2. Hi!

    I guess you figured out Applications -> System Tools -> Virtual Machine Manager, rather than looking for a menu item titled “Virtualization”. I believe that even in Ubuntu, you don’t actually have such a menu, when you install VMWare.

    The installation however has a Virtualization section. By default, it installs QEMU/KVM, and not Xen (you can also choose this as an option, obviously).

    Its funny how your Gutsy failed… The crashing Windows, i.e. seeing a blue screen, seems really normal at the moment. I have no idea why, as Vista installs just fine in Ubuntu Gutsy’s KVM, but not in the KVM available on Fedora.

    Not being able to modprobe is clearly because /sbin/ is not in your path. Try sudo /sbin/modprobe or /sbin/rmmod. So no, su – is not your only option.

    You forgot to mention that VMWare isn’t available via apt-get… The commercial repository in Ubuntu Gutsy doesn’t have it yet (the Feisty Fawn did).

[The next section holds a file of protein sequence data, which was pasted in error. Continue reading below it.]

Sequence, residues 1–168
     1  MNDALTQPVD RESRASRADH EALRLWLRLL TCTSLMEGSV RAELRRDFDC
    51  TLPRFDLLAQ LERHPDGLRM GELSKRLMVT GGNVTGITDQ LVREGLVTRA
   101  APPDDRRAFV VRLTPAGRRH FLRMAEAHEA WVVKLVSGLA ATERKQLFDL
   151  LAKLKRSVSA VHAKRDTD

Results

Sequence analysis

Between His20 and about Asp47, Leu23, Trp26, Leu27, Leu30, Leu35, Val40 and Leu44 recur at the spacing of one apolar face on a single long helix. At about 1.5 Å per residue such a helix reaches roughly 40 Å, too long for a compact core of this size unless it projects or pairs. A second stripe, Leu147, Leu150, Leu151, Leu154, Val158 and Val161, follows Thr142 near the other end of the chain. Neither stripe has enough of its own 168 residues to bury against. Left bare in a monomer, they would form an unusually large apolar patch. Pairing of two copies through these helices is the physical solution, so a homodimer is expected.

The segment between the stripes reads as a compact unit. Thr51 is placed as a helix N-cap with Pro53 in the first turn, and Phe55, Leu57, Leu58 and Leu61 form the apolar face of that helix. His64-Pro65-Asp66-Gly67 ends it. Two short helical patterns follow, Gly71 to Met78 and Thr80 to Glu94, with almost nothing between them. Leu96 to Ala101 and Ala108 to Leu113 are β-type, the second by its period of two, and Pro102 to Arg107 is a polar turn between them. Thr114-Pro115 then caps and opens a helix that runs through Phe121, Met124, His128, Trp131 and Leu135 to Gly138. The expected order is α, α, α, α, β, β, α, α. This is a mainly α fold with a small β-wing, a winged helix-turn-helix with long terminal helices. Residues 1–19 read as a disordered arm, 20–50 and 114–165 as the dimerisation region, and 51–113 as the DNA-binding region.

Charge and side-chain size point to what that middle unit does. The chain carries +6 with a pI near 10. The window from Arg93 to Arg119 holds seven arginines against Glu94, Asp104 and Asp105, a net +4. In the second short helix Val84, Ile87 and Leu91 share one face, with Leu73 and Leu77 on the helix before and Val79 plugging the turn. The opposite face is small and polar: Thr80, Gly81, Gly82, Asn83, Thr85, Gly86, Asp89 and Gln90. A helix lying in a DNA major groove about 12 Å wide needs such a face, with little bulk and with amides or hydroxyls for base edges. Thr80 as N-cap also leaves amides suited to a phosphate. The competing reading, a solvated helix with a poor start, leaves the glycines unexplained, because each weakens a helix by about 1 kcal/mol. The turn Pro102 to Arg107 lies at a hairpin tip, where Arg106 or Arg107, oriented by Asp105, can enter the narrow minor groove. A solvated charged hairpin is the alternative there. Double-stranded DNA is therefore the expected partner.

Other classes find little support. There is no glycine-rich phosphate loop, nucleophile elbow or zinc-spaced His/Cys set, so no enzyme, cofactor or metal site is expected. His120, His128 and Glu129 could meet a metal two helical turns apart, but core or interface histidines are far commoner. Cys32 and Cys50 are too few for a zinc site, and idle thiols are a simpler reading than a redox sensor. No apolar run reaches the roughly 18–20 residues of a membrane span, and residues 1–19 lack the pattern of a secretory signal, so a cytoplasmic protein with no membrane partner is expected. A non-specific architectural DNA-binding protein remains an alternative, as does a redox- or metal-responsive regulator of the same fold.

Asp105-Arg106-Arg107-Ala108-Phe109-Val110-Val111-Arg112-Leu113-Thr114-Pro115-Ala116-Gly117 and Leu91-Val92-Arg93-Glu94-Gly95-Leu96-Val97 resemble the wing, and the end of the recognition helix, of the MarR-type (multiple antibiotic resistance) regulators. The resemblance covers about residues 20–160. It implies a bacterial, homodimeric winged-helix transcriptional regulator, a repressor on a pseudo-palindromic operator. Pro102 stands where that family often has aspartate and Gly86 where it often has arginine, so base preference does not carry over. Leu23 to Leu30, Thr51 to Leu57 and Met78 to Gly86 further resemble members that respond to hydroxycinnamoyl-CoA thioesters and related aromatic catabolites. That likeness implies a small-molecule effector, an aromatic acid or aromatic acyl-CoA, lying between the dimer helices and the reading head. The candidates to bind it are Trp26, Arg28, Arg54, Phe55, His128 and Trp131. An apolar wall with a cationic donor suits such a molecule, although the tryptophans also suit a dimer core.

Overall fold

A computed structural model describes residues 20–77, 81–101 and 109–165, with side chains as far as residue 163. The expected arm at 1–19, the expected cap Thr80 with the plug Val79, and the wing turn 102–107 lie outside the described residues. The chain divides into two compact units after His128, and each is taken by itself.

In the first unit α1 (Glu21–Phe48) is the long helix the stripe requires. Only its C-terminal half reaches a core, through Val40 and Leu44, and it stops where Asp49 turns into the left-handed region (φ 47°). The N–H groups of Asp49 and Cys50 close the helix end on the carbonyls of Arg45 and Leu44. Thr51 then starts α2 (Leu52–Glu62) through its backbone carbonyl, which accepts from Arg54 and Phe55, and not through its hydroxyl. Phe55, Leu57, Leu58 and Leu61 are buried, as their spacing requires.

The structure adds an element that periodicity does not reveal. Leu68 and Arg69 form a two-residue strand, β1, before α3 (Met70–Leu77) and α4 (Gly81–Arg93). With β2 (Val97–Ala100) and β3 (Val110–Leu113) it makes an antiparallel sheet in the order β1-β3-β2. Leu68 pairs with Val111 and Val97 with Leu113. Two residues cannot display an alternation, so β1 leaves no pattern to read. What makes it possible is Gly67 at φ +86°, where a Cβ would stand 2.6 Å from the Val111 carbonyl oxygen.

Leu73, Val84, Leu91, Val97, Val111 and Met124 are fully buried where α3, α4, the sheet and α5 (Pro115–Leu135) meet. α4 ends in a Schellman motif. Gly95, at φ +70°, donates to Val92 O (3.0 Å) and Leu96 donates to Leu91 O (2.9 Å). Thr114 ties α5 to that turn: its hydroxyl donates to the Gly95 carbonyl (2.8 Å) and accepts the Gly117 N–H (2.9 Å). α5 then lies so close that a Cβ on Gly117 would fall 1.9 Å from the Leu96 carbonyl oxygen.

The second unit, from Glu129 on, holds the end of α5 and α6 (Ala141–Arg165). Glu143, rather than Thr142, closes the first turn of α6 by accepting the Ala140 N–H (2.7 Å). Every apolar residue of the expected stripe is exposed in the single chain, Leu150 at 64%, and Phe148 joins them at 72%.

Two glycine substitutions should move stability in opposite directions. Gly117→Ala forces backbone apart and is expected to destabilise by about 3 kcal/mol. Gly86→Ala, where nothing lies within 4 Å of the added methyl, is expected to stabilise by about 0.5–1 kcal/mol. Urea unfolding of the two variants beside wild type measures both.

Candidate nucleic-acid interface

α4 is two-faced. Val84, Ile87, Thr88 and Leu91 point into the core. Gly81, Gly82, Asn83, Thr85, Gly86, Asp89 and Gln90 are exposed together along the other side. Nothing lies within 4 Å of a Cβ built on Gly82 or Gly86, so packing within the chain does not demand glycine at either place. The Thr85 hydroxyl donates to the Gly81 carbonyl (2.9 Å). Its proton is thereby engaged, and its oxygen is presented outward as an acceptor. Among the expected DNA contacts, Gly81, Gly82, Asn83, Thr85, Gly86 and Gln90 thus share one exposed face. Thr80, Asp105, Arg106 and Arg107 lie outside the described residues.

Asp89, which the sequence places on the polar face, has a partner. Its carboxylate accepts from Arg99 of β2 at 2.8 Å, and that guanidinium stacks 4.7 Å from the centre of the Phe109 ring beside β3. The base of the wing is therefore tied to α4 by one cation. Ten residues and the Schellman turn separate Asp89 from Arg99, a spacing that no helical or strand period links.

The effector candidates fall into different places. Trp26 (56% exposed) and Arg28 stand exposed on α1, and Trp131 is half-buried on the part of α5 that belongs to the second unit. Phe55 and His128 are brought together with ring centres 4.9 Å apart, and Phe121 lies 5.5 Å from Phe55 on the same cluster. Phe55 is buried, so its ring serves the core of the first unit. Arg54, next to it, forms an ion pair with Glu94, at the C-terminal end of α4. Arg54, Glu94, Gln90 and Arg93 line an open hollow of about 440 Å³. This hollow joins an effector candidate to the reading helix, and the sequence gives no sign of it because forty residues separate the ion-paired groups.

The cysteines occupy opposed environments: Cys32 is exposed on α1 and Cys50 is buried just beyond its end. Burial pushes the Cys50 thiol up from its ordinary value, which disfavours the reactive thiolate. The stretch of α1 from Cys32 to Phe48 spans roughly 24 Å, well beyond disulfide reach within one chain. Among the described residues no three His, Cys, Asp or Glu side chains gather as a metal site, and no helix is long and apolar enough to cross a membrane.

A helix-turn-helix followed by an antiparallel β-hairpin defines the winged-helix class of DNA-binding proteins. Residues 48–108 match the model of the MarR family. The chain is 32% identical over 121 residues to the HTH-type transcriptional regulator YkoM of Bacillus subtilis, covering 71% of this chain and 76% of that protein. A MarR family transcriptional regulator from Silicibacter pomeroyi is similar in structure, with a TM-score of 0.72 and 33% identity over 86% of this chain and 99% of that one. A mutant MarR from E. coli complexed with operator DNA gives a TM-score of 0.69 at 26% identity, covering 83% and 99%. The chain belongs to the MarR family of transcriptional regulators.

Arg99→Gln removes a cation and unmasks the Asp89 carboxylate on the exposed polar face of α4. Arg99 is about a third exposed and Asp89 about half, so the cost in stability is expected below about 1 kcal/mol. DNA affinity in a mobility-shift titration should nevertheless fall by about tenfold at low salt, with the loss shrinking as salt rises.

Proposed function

Just some thoughts…

  3. Oh, and for management – one of the suggestions for APOC was to write an SMF adapter for Solaris, but someone could also write one for Apache, MySQL or whatever other software you’re running.

  4. Interesting experience. It looks very much like what happened to me with installing QEMU and KQEMU on Ubuntu. (http://thesalmonfarm.org/blog/index.php?s=QEMU). In the end, like you, I went back to VMWare software – stable and “just worked”.

  5. Apparently there are some issues with splash screens crashing KVM… I used the rather counter-intuitive “kvm -no-kvm” for slower installs, and then dispensed with the option for running the real (virtual) thing. Ubuntu Server was/is fine, and XP the same but I was still having probs with Ubuntu Desktop… which I minded less as I was running it as a base OS.